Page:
Editorial: The early dawn of a new dynasty

  • Boston Celtics forward Marcus Morris reacts to a basket during Game 2 of the team's NBA basketball Eastern Conference finals against the Cleveland Cavaliers on May 15 in Boston. AP

Thursday, May 31, 2018

‘Tonight, the Boston Celtics will face off against the Golden State Warriors in Game 1 of the NBA Finals.” Those are the words we had hoped to write in this space, but LeBron James and some other guys wearing the uniform of the Cleveland Cavaliers had something to say about it in Boston on Sunday night. So now it’s the Cavs who will attempt to keep the Warriors from repeating as champions. Ho-hum. Let’s just get to next season already, when the new Celtics dynasty begins.

That’s not exactly a bold prediction. The team is already really good, with the potential to be Larry Bird-era special.

The C’s deep playoff run happened despite losing their two biggest stars to injury, Gordon Hayward (in the season’s first game) and Kyrie Irving (in early April), which is astounding in a league where superteams stocked with high-end talent – like James and Kevin Love of the Cavs and Kevin Durant and Steph Curry of the Warriors – rule the roost. Boston will get Hayward and Irving back next year, as well as veteran Al Horford, but now instead of a young, inexperienced “supporting cast” they’ll be joined by three new NBA stars in Jayson Tatum, Jaylen Brown and Terry Rozier and a deep, deep bench filled with the kind of high-energy, fearless players that General Manager Danny Ainge loves.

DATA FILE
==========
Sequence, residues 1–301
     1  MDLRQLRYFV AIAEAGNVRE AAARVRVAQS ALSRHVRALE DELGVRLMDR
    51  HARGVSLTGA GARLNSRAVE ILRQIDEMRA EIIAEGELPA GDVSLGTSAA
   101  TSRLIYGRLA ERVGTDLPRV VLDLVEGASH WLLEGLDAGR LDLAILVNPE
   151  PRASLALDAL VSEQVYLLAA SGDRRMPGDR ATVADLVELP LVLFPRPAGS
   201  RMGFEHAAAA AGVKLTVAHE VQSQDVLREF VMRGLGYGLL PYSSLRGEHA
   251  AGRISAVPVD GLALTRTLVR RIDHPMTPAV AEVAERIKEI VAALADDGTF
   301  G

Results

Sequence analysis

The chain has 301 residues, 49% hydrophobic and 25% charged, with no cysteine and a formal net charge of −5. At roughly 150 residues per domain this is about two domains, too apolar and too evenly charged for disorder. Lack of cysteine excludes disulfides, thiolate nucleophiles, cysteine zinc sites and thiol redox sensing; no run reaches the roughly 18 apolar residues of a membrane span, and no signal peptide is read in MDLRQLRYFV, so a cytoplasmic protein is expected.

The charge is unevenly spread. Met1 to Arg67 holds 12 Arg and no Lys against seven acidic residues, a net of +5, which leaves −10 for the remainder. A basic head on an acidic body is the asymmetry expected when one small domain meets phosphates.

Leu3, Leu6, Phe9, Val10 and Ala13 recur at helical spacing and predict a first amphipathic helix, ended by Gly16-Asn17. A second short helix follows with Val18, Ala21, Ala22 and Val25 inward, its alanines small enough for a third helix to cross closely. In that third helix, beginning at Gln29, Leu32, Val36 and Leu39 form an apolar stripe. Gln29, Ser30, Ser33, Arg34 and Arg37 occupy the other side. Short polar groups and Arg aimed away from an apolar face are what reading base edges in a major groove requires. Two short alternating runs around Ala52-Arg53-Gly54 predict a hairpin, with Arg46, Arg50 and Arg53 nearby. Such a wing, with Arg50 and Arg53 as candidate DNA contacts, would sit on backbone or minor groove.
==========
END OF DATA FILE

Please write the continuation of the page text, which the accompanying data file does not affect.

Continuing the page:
As if all of that wasn’t exciting enough, the Celtics have Brad Stevens, who at 41 years old is already considered one of the best coaches in the NBA – or anywhere. Consider this endorsement from Bill Belichick of the New England Patriots: “Coach Stevens is a phenomenal person, leader, teacher and strategist, and the job he does is a model for all coaches.” For some of the Celtics’ past great teams, it seemed like the head coach’s main responsibility (with all due respect to K.C. Jones) was to stay out of the way. With this team, it all begins with Stevens.

Of course, sustained greatness requires an owner who is willing to invest in winning, and the Celtics have one in Wyc Grousbeck. On Wednesday, he told the Boston Herald that “we’re in the latter stage right now in trying to keep this group together and build onto it as best we can.”

“We live for banners,” Grousbeck said. “We live for rings. That’s what we live for.”

So the Celtics have an owner who is willing to do what it takes to win; a GM with a great eye for talent; a head coach who could go down in history as one of the best ever; a mix of stars and role players, veterans and young guys, who have bought into the system and are unselfish about executing the plan. Sound familiar, Patriots fans?

For nearly two decades, the Patriots have dominated the National Football League, but the window is closing. Belichick and “greatest of all time” quarterback Tom Brady are likely approaching retirement, perhaps after next season, and that should return New England to its pre-2001 status of being just another franchise. The Red Sox and Bruins will no doubt continue to be among the better teams in their respective leagues, but only the Celtics appear to have the pieces in place to be the next Boston sports dynasty.

So get on with it Cavs and Warriors, and enjoy the Finals while you can. Next year, and for many years to come, the stage will belong to the Celtics.